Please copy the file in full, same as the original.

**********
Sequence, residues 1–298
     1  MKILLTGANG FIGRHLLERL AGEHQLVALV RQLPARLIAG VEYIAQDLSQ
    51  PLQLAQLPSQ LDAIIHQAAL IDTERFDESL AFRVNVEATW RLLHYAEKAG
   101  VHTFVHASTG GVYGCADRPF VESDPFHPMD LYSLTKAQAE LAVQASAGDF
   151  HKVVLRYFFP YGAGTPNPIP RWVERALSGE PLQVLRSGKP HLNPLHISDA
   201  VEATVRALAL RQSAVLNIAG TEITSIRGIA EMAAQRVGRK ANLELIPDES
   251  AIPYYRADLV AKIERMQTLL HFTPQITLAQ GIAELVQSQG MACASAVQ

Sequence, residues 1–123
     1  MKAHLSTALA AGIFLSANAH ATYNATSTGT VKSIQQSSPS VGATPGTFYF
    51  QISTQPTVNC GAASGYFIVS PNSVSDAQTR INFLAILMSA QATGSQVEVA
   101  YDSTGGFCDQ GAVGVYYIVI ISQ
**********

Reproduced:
Sequence, residues 1–298
     1  MKILLTGANG FIGRHLLERL AGEHQLVALV RQLPARLIAG VEYIAQDLSQ
    51  PLQLAQLPSQ LDAIIHQAAL IDTERFDESL AFRVNVEATW RLLHYAEKAG
   101  VHTFVHASTG GVYGCADRPF VESDPFHPMD LYSLTKAQAE LAVQASAGDF
   151  HKVVLRYFFP YGAGTPNPIP RWVERALSGE PLQVLRSGKP HLNPLHISDA
   201  VEATVRALAL RQSAVLNIAG TEITSIRGIA EMAAQRVGRK ANLELIPDES
   251  AIPYYRADLV AKIERMQTLL HFTPQITLAQ GIAELVQSQG MACASAVQ

Sequence, residues 1–123
     1  MKAHLSTALA AGIFLSANAH ATYNATSTGT VKSIQQSSPS VGATPGTFYF
    51  QISTQPTVNC GAASGYFIVS PNSVSDAQTR INFLAILMSA QATGSQVEVA
   101  YDSTGGFCDQ GAVGVYYIVI ISQ